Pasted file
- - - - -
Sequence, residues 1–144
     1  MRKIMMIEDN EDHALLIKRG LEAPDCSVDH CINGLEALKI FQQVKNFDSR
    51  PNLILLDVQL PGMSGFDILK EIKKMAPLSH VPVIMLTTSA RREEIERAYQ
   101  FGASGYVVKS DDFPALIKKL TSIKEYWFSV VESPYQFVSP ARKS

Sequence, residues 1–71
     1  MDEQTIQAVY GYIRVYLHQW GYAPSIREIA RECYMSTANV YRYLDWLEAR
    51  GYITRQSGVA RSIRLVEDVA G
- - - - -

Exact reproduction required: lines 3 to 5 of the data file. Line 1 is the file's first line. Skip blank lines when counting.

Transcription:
    51  PNLILLDVQL PGMSGFDILK EIKKMAPLSH VPVIMLTTSA RREEIERAYQ
   101  FGASGYVVKS DDFPALIKKL TSIKEYWFSV VESPYQFVSP ARKS

Sequence, residues 1–71